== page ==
Economic evaluation of a psychological intervention for high distress cancer patients and carers: Costs and quality-adjusted life years
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Objective: This study compared the cost-effectiveness of a psychologist-led, individualised cognitivebehavioural intervention (PI) to a nurse-led, minimal contact self-management condition for highlydistressed cancer patients and carers. Methods: This was an economic evaluation conducted alongside a randomised trial of highlydistressed adult cancer patients and carers calling cancer helplines. Services used by participants weremeasured using a resource use questionnaire, and quality-adjusted life years were measured using theassessment of quality of life – eight-dimension – instrument collected through a computer-assistedtelephone interview. The base case analysis stratiﬁed participants based on the baseline score on theBrief Symptom Inventory. Incremental cost-effectiveness ratio conﬁdence intervals were calculatedwith a nonparametric bootstrap to reﬂect sampling uncertainty. The results were subjected to sensitiv-ity analysis by varying unit costs for resource use and the method for handling missing data. Results: No signiﬁcant differences were found in overall total costs or quality-adjusted life years(QALYs) between intervention groups. Bootstrapped data suggest the PI had a higher probabilityof lower cost and greater QALYs for both carers and patients with high distress at baseline. Forpatients with low levels of distress at baseline, the PI had a higher probability of greater QALYsbut at additional cost. Sensitivity analysis showed the results were robust. Conclusions: The PI may be cost-effective compared with the nurse-led, minimal contact self-management condition for highly distressed cancer patients and carers. More intensive psychologicalintervention for patients with greater levels of distress appears warranted.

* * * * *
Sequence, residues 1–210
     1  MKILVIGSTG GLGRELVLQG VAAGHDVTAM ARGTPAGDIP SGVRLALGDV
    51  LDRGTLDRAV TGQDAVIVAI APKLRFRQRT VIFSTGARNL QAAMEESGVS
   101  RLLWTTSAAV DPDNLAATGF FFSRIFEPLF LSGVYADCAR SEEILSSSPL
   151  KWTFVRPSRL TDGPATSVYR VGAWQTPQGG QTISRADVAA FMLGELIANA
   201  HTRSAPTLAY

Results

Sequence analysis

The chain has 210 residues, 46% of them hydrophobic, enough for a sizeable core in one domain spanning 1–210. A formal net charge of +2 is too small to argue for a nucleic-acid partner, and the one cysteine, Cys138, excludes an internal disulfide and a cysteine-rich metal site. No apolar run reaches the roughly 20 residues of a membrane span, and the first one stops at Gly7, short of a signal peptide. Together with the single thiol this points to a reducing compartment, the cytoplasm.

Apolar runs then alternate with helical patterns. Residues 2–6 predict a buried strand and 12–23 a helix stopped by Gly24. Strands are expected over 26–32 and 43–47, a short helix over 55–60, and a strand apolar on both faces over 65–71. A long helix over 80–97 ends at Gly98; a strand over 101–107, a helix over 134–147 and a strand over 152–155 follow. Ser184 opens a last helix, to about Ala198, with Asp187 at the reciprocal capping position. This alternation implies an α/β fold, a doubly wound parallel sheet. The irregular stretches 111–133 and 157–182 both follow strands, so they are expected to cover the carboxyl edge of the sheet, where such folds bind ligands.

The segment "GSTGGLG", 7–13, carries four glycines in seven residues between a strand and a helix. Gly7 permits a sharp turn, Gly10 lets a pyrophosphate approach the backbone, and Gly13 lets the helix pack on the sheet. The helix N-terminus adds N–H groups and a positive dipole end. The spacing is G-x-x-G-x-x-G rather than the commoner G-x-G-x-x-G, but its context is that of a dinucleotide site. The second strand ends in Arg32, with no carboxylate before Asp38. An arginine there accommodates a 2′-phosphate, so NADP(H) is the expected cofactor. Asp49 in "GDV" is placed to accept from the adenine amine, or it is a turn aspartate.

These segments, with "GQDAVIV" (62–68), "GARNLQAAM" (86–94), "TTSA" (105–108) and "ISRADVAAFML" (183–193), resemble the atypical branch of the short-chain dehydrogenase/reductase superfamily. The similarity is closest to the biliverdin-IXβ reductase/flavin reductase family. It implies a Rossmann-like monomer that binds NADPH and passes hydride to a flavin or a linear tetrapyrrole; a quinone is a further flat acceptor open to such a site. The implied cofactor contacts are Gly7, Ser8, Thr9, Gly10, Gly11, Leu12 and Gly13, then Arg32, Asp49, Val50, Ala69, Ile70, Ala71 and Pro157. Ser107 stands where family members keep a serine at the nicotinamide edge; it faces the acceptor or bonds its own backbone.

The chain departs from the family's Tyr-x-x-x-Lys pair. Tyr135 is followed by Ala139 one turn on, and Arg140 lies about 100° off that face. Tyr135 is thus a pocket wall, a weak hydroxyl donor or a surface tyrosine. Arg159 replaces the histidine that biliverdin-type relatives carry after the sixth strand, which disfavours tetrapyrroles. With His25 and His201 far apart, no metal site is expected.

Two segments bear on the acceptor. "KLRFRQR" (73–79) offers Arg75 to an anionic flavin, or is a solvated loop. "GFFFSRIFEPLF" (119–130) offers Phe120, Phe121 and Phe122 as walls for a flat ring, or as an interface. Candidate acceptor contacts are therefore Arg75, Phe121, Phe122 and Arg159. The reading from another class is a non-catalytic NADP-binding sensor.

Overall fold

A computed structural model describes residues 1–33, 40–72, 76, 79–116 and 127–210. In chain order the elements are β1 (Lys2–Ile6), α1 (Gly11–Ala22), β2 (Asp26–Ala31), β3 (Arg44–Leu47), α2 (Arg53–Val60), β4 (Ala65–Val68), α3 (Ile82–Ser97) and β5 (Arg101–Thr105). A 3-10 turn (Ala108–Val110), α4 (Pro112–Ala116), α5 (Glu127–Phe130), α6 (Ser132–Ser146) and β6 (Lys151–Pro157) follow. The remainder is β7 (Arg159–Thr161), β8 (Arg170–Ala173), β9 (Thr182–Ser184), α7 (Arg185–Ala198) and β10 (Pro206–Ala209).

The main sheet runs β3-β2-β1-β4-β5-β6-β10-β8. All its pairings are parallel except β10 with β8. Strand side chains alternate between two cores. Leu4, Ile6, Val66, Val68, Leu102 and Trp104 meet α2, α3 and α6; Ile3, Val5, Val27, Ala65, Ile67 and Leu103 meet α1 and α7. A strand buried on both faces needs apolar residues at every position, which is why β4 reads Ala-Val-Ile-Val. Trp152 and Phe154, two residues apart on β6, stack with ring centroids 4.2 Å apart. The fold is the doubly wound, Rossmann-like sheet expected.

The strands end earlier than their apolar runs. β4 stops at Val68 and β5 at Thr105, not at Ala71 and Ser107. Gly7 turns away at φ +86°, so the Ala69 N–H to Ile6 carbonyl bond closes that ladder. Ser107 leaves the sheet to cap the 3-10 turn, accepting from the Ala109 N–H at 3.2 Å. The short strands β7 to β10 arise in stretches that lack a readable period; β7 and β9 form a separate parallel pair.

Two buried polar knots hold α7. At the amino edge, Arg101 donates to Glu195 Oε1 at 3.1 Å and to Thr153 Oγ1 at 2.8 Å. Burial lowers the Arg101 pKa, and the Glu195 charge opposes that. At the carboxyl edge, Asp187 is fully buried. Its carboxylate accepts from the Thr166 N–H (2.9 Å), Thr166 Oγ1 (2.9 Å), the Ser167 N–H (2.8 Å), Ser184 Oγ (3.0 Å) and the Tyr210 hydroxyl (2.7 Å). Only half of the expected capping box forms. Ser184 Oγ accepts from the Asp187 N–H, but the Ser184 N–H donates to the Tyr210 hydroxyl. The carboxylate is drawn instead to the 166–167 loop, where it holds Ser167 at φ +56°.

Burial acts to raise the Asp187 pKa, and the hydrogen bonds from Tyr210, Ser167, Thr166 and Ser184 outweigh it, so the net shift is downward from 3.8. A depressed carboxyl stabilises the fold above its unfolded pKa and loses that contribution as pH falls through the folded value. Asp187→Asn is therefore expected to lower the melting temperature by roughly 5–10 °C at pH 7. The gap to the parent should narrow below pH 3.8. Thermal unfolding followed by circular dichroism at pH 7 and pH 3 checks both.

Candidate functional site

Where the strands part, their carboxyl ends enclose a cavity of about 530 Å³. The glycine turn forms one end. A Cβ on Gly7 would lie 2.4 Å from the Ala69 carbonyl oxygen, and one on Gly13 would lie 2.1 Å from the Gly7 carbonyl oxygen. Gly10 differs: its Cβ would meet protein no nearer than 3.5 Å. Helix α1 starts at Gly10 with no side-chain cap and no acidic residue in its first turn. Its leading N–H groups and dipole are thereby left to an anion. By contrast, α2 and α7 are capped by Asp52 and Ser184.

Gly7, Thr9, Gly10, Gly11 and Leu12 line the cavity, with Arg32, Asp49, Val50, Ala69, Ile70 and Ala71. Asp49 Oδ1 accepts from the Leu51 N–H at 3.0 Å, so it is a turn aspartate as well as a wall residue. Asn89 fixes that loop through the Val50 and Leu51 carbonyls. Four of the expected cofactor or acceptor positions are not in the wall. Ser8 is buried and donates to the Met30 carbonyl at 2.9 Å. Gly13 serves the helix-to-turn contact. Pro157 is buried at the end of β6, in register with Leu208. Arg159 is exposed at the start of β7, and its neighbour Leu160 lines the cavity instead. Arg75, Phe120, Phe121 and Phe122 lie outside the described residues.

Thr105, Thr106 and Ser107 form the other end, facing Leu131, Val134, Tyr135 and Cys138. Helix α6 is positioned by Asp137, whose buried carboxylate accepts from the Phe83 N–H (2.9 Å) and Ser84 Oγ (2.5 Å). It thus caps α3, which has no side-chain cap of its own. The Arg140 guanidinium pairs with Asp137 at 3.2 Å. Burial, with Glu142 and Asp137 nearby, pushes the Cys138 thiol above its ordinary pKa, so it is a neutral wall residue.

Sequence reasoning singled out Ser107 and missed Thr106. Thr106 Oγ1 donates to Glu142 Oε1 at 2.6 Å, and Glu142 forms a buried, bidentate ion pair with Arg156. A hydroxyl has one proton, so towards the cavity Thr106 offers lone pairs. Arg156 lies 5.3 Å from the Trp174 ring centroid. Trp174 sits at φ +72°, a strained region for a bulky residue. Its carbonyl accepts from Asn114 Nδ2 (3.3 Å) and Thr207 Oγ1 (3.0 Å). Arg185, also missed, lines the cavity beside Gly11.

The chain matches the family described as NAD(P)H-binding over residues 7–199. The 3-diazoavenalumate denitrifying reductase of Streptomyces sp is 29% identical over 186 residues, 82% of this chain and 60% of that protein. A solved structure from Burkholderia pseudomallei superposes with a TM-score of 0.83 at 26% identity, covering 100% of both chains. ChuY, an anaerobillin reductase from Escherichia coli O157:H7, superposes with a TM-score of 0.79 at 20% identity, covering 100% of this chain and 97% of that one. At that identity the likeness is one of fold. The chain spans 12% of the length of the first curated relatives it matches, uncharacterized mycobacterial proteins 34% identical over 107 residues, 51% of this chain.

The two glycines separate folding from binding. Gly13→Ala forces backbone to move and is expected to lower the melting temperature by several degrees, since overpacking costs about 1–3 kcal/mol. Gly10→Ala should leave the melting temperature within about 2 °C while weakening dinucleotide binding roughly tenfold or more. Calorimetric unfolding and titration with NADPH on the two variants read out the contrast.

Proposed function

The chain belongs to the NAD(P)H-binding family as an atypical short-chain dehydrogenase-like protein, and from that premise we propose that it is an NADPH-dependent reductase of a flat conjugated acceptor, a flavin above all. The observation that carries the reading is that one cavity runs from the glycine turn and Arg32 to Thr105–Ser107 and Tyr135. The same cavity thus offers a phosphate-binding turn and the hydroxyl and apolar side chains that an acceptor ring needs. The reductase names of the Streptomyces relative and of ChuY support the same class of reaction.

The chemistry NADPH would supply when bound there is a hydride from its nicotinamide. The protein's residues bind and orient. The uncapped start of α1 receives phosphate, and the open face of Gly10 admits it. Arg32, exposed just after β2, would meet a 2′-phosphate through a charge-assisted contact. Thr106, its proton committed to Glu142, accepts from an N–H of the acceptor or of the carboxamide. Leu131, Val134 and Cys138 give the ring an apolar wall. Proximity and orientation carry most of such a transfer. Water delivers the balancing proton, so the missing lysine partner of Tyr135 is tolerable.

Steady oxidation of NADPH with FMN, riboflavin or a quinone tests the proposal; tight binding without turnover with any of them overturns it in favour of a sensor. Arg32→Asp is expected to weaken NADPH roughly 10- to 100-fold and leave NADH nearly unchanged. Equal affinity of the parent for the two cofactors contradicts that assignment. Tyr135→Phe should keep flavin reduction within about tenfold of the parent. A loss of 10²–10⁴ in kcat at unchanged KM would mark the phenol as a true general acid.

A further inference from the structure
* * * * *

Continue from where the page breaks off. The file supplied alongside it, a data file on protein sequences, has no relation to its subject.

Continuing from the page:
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Oncology and Carcinogenesis not elsewhere classified
Public Health and Health Services not elsewhere classified